Bobe remembered the pogroms in Russia. She spoke of her father, his first wife and children. When that wife died the obligation fell to the wife's sister to marry the husband and raise the children. Gives me the heeby jeebies, but this was how it was done back then. And if Bobe's mother hadn't married her dead sister's husband, I would not be here. Not really something I'll have embroidered onto a pillow, but true.

She spoke of one of her brothers being accused of murder. I think it was after a bar fight, but you didn't hear that part from me. He ended up fleeing the country and little by little, as they could, the rest of the family joined him. Murder isn't really what I had in mind for the legacy of my ancestors, but it's how we all ended up in the land of the free and the home of the brave. Well, the brave and those running from murder charges, apparently.

Ancestry: My Murder and Bootlegging Legacy | www.BakingInATornado.com | #humor #family #MyGraphics

There were stories as well about being immigrants in this country. She married and had 5 children but making ends meet was difficult. Bobe and her husband had a small store but she decided to supplement their income. This was during the time of prohibition and she knew just what to do. I mean, it's logical, right? Give the people what they want.

Bobe built a still and made booze in her bathtub, of course.

She did well too. Until the day she came home and found my grandmother and her twin sister biting their nails and peeing their pants. The police had stopped by and would be back the next day to talk with Bobe and search the house.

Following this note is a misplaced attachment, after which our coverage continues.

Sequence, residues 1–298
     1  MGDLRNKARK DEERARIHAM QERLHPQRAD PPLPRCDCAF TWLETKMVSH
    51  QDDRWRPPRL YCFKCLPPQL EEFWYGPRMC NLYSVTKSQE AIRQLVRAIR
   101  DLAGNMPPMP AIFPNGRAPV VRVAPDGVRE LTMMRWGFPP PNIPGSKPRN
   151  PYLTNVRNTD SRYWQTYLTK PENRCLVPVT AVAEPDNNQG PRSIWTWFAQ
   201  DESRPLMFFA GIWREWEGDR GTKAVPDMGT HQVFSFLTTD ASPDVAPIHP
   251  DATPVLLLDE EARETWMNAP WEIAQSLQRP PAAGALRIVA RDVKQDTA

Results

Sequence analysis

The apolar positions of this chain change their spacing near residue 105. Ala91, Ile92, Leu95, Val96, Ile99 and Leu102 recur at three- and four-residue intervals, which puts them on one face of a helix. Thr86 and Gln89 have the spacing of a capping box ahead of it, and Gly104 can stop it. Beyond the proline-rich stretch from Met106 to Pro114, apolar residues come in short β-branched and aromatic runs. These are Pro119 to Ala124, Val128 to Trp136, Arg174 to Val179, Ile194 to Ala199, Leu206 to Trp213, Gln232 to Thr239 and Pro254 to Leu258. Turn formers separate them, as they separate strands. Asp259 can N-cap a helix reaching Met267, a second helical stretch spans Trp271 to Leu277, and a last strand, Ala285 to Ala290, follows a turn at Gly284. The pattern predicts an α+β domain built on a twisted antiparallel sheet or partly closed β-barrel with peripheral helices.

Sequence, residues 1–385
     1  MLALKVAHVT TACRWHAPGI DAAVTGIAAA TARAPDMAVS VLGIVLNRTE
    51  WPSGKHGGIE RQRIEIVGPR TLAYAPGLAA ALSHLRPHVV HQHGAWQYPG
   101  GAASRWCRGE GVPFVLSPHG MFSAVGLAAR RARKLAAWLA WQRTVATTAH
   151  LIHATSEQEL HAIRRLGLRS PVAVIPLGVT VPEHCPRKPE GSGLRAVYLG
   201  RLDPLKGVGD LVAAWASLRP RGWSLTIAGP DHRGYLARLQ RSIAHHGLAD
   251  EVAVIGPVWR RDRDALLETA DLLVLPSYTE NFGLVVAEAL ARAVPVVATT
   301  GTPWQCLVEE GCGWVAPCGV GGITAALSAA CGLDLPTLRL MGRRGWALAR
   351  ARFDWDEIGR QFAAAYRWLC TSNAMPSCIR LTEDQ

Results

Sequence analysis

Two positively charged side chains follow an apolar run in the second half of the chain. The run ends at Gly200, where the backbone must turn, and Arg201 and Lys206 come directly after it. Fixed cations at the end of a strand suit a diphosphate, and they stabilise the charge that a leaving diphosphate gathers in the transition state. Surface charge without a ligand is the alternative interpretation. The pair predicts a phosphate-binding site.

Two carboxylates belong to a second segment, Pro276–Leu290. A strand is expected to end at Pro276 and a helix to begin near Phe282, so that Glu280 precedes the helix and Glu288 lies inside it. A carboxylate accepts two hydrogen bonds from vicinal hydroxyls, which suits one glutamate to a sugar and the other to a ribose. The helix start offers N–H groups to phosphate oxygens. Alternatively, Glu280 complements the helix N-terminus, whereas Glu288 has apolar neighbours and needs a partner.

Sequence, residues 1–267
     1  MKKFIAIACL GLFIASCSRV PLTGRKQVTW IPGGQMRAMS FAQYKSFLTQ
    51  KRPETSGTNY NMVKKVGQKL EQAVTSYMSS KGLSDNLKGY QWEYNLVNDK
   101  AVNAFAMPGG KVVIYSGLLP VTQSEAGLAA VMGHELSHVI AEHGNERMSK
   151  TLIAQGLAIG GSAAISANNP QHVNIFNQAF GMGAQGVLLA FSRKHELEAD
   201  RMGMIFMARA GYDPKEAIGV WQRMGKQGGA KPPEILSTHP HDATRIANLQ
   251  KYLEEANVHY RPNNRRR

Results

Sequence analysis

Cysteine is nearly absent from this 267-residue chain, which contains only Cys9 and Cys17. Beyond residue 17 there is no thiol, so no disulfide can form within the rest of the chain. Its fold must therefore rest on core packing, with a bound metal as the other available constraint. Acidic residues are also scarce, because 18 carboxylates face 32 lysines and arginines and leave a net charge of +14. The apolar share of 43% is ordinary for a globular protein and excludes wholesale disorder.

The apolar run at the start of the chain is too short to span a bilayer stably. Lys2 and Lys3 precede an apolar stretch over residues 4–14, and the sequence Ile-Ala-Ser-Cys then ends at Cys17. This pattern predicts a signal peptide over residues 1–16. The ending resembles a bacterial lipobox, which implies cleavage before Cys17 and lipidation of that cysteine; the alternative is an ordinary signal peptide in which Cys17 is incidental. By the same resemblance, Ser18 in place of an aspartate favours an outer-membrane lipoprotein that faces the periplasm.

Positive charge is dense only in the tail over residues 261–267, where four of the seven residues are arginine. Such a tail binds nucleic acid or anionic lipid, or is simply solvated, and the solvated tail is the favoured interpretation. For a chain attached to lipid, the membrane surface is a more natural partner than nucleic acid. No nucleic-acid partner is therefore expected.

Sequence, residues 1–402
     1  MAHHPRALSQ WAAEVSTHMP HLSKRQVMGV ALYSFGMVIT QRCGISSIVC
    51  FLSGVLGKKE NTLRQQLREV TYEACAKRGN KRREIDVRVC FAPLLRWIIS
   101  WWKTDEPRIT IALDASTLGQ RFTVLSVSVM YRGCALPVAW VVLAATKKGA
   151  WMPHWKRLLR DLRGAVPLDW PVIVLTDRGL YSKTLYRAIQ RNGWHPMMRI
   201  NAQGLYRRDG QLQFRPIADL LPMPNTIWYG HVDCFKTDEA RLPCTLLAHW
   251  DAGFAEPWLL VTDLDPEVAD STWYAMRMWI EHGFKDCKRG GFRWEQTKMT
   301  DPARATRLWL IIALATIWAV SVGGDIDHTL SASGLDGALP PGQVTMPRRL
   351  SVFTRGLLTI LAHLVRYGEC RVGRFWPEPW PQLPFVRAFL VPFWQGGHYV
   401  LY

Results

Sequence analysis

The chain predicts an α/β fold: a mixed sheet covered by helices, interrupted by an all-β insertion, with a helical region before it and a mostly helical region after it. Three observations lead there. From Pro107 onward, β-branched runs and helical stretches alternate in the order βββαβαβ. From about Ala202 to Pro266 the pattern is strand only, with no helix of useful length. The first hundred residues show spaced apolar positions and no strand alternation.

Not willing to give up another country because of running from the law, Bobe got to work. She broke down the still and put the pieces into a baby carriage. Head held high she walked that baby right down Main Street, then a little more furtively through back alleys to a place she could safely dispose of it. Bobe didn't just have balls, she had big brass balls.

So there they are: my roots. Slightly twisted but they run deep. now it's up to me to carry on the traits that have made this family what it is today. I don't know about running from a murder charge, but I have teenagers so I won't rule it out. A still in the bathtub? Now that intrigues me. But I think I'll start small. The next time one of my boys brings a new girlfriend home, I promise you Bobe, she is SO gonna wish she had worn a diaper.

Genealogical Responsibilities:

? Run from a Murder Charge
? Bootleg some kick-ass hooch
X Marry a brother-in-law

Embarrass the crap out of a guest

I'm one for four. It's a start. Think I'll work on that bootleg thing.

Note: This post was originally published on BLUNTmoms as Ancestry: Do You Really Want to Know Who You Are? on 4/28/15.

Baking In A Tornado signature | www.BakingInATornado.com | #MyGraphics

Simple Carrot Bread with Cream Cheese Frosting
1 stick butter, softened
1/2 cup sugar
1/4 cup brown sugar
2 eggs
1/2 tsp vanilla
1 1/2 cups flour
1 tsp baking soda
1/2 tsp salt
1 tsp cinnamon
1/2 tsp pumpkin pie spice
1 cup grated carrots (about 2 large carrots)

3 oz cream cheese, softened
1 tsp vanilla
1 cup powdered sugar
1/2 tsp cinnamon
Opt: 1 TBSP milk